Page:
Only small deals for France in Beijing, but a more united EU front could be coming | Politics News | SupChina

Only small deals for France in Beijing, but a more united EU front could be coming

Part of the daily SupChina newsletter. Subscribe for free

French President Emmanuel Macron wrapped up a three-day visit to China with moderate outcomes, including a few business deals, as the South China Morning Post notes:

  • “A deal between French engineering firm Fives and Chinese online retail giant JD.com to set up a logistics center in France to source French food and luxury products for sale online in China.”
  • “JD.com also agreed to sell €2 billion [$2.39 billion] worth of French products in the next two years, including high-end wine and cognac.”
  • The “lifting of a Chinese embargo on French beef,” according to Reuters.

But larger deals were left in unfinished form:

  • “Nuclear group Areva failed to finalize a decade of negotiations with a contract to build a fuel reprocessing plant, securing only another protocol agreement” (per Reuters).
  • “On the order for 184 A320s, it’s something that will be finalized shortly,” Macron said of a potential sale for aeronautics giant Airbus, Channel NewsAsia reports.
  • “Airbus signed a provisional deal on Tuesday to boost the number of A320 family jets assembled in Tianjin to six a month by 2020 from four at present” (per Channel NewsAsia).

Reuters says that the larger significance of the visit may be Macron’s calls for European unity in dealmaking with China. “Europe has often shown itself divided about China…and China won’t respect a continent, a power, when some member states let their doors freely open,” the French president said.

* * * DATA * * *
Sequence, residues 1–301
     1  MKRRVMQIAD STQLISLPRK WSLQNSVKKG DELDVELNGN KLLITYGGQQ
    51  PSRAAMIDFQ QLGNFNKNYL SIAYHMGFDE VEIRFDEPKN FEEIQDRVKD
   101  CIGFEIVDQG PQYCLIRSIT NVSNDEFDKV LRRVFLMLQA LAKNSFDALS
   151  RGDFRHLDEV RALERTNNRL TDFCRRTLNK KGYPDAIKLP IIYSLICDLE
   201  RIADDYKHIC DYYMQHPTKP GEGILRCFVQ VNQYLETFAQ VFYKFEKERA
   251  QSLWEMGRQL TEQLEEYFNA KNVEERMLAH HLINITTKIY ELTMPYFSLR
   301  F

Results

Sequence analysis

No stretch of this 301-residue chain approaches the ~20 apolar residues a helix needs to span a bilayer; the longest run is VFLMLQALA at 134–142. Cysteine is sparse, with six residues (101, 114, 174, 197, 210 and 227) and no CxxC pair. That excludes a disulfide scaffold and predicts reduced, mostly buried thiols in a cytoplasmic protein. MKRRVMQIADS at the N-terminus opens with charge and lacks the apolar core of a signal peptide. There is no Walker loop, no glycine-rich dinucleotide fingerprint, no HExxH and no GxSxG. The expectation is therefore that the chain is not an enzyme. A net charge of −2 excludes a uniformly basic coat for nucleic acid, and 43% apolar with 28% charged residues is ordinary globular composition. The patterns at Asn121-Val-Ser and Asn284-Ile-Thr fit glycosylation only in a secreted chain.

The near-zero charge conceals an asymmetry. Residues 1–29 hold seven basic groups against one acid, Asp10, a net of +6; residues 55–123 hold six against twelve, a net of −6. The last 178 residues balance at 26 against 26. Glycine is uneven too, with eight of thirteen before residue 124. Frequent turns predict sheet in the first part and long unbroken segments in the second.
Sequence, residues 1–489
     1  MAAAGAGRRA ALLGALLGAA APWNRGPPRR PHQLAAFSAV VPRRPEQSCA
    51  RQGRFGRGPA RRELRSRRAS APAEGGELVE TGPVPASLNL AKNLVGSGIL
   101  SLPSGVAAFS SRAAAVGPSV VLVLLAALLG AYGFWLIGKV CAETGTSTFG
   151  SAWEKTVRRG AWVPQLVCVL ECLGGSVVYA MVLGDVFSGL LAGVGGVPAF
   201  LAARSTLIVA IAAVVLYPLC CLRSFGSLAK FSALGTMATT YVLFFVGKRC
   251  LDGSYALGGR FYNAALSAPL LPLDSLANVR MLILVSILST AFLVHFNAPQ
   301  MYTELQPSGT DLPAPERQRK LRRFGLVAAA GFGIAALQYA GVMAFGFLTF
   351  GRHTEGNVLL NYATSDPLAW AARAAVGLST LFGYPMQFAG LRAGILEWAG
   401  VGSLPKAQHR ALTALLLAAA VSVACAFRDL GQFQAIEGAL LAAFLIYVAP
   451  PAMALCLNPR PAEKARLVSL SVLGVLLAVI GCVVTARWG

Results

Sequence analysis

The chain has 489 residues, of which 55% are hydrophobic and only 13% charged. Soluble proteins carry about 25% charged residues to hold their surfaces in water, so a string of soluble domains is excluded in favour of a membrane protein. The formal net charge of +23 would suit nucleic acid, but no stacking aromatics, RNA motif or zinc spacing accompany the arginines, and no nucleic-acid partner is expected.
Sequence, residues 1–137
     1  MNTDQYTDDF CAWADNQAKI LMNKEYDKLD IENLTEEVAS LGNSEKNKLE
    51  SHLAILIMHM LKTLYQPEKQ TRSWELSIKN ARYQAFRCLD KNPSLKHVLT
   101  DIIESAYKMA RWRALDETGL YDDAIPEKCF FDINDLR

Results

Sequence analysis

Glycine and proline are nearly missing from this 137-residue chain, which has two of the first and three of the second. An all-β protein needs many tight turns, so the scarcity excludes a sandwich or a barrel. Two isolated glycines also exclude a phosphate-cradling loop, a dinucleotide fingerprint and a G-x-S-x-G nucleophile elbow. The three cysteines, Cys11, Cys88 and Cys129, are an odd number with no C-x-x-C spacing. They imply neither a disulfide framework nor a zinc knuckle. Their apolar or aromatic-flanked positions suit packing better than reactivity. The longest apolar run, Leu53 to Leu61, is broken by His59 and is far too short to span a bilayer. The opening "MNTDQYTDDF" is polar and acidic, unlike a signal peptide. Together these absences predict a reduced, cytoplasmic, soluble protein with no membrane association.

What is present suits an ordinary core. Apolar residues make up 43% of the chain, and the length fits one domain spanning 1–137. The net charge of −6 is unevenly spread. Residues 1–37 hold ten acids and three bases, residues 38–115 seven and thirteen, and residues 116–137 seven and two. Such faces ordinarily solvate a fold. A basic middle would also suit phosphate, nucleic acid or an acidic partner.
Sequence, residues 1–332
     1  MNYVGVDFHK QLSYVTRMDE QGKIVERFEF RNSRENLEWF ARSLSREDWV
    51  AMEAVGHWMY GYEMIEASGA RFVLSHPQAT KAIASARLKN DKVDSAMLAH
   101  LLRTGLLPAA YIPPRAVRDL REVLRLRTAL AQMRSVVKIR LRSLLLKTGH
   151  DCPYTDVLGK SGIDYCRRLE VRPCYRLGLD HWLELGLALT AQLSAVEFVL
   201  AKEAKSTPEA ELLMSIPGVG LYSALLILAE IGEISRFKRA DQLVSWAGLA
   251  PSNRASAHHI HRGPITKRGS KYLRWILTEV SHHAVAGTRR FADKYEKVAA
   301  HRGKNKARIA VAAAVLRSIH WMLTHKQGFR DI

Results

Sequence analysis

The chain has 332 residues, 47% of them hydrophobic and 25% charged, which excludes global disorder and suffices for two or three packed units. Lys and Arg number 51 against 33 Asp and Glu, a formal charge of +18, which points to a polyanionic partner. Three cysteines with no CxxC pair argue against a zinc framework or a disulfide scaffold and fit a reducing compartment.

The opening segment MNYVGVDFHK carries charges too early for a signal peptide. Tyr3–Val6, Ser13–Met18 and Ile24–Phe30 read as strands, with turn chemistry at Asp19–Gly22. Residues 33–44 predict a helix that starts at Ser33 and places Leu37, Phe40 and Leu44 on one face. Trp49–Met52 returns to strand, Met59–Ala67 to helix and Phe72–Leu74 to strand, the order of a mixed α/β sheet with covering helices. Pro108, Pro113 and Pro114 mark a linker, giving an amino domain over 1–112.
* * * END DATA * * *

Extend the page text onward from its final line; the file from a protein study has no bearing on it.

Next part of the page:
• The EU ambassador to China seems to agree. Hans Dietmar Schweisgut, while calling for progress in bilateral investment treaty talks between the EU and China, emphasized, “There has never been any doubt that, obviously, completeness and the responsibilities of the EU have to be fully respected,” SCMP reports.
  • This comes amid increasing anxiety among EU leaders over China’s influence in Central and Eastern Europe.

Lucas Niewenhuis

Lucas Niewenhuis is an associate editor at SupChina who helps curate daily news and produce the company's newsletter, app, and website content. Previously, Lucas researched China-Africa relations at the Social Science Research Council and interned at the Council on Foreign Relations in New York. He has studied Chinese language and culture in Shanghai and Beijing, and is a graduate of the University of Michigan.